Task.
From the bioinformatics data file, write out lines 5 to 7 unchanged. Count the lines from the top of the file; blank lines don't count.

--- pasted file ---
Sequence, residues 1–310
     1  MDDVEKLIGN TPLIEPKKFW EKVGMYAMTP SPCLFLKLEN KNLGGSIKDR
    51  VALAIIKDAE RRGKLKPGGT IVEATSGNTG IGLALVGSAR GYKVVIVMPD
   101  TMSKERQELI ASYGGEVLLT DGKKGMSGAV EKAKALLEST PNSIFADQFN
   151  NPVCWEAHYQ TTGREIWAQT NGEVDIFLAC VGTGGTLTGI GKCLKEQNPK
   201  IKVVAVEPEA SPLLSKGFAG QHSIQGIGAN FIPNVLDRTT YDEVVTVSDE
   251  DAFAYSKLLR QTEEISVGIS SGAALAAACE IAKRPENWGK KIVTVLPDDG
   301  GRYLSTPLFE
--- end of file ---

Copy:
   151  NPVCWEAHYQ TTGREIWAQT NGEVDIFLAC VGTGGTLTGI GKCLKEQNPK
   201  IKVVAVEPEA SPLLSKGFAG QHSIQGIGAN FIPNVLDRTT YDEVVTVSDE
   251  DAFAYSKLLR QTEEISVGIS SGAALAAACE IAKRPENWGK KIVTVLPDDG